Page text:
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This is an ode to family and home in uncertain times.  The tracing of many loved feet over the same path in the yard is a visible, physical reassurance that everyone is safe and accounted for in an age when many people can't count themselves so lucky.  

We start out with each voice part in a different phrygian mode, gather ourselves together into A minor, and only at the very end shift definitely to a more certain sounding and strong C major.  The piano part isn't very pianistic, but it provides sort of a bell tolling to keep the pitch true at the beginning, and then a continuous heartbeat as a reminder of exactly what is at stake when you love another person.  As long as the heart beats we live in the knowledge that some day it will stop.  

I tucked one hidden line in, just for the basses.  Everyone says, "I love the little path your feet have made between the door and shed. It says you were here, and here you'll stay.  And the grass loves summer light too much to mind a little wear."  And the basses say, "Warm grass loves summer light as I love you."  Caring for other people wears us away like footsteps ruin the lawn, and that's what makes us love them.  They change us.  The heat of summer turns the grass brown and brittle and it sings with a thousand summer songs and smells like home.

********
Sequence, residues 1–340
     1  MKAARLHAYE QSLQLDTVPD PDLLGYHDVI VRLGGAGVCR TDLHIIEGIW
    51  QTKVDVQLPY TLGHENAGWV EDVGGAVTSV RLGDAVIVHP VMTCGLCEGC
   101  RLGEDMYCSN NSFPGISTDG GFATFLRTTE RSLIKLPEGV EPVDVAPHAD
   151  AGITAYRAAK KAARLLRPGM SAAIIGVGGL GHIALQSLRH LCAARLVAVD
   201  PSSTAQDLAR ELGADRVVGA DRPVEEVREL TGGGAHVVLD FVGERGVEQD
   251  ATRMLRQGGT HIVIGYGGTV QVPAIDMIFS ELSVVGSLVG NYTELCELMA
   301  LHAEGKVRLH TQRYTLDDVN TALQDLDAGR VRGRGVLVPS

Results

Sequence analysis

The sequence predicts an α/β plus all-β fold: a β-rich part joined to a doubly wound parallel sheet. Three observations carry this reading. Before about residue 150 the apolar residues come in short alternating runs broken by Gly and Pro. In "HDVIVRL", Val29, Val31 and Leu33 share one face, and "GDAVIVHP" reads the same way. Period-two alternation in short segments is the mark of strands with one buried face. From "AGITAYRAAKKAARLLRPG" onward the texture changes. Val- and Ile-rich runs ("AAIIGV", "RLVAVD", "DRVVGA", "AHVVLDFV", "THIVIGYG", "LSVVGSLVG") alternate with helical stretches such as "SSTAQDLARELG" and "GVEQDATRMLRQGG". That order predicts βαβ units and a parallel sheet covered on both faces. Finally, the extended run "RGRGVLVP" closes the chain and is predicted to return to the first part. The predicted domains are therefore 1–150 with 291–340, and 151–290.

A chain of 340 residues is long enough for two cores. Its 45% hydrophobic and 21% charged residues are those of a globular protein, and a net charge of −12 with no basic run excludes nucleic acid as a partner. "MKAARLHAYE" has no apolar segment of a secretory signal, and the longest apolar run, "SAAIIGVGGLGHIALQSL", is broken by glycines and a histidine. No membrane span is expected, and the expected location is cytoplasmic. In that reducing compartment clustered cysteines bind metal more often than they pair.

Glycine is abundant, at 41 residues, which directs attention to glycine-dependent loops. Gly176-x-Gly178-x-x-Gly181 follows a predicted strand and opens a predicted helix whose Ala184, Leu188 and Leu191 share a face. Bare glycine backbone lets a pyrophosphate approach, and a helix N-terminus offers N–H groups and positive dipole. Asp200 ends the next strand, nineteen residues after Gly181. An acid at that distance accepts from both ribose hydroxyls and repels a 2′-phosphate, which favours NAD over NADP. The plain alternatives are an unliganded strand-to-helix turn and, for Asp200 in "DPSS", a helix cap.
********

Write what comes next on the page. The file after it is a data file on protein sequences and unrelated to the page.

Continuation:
If you have any input, I'd love to hear it.  Particularly on the section with the 3/4 and 2/4 bars.  I know I like the way the rhythms sit there, but I'm not sure if I expressed them in the easiest way for the conductor.  I tried conducting my way through it and this was the best I could do to get the stressed beats of the text to line up with the strong beats of the measure, but maybe some of the 2/4s should be 4/4?  

Edited by pateceramics
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The harmonies on this one don't click with me for some reason... this was most apparent during the imitative counterpoint at A. The first measure is fine with a i - VI with a tonic pedal, but the next measure's Dm9/A is not very apparent when hearing it through the first time. It gets more cluttered after that with Bm7b5b9 in m. 28. Because the chords outline a rather standard progression while the melodies don't, the imitation sounds more like a gimmick than an artistic choice.